However, not everyone who pays high premiums relative to income will be eligible for help. The 29 million insured people includes 13.7 million with incomes below 138 percent of poverty who are paying premiums above the Affordable Care Act thresholds for this group. Of these, 8.8 million had private insurance they bought on their own or through employers. Based on their income alone, they would likely be eligible for expanded Medicaid if their state decides to participate in Medicaid expansions.
For those with incomes above Medicaid eligibility, the law restricts eligibility for premium assistance in marketplaces to people buying insurance on their own and to workers who have employer coverage where the employee’s premium costs for self-only coverage exceeds 9.5 percent of income. Among the 29 million insured with high premium costs in 2012, 11.7 million had employer-sponsored coverage and incomes that would be too high to qualify for expanded Medicaid.
Medicaid Expansion Makes a Critical Difference
Many of the states not participating in Medicaid expansion have among the highest rates of uninsured or underinsured people as a share of their total state populations. Without Medicaid expansion, this vulnerable group will remain at high risk for access, health, and financial problems.
Changing the Insurance Map of the Country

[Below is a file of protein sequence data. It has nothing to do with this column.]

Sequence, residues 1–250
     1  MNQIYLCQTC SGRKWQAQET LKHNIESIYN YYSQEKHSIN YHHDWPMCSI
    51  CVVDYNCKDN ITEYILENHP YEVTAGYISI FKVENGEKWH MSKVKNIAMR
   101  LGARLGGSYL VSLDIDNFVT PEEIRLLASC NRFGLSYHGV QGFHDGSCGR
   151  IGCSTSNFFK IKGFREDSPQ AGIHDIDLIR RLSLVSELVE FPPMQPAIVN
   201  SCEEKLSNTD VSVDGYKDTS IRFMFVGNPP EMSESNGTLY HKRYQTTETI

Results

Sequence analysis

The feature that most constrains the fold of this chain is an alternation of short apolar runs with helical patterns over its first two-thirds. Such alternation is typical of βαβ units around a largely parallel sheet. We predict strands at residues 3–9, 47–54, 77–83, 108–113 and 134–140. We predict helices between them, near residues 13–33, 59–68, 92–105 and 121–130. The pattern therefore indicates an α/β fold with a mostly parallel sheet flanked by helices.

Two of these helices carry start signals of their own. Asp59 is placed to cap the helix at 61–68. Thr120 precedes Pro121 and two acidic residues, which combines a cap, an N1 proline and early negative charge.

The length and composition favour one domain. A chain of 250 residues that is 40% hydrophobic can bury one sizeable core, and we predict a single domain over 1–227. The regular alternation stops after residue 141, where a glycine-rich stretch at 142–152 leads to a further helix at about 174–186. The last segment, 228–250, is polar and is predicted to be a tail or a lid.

Substantial gains, however, will depend on the plans people choose and state efforts to ensure high-value benefit designs and accessible networks. One concern is to what extent people with low or modest incomes will opt for “bronze” level plans. People choosing bronze-level plans will pay 40 percent of medical care costs on average and thus remain at financial risk. Additionally, in choosing a bronze plan, people with low incomes forgo the cost-sharing subsidies that are tied to silver plans that substantially reduce out-of-pocket spending for medical care. As of February 2014, 62 percent of those enrolling in the new marketplaces selected silver plans, 19 percent had selected gold or platinum, and 19 percent had selected bronze.
In addition, it is important to note that the Affordable Care Act’s limits on out-of-pocket costs for covered benefits also apply only to in-network providers. As discussed in a recent report profiling insured people with medical debt, even with the new limits, the insured may encounter high medical care costs if they receive care from out-of-network clinicians.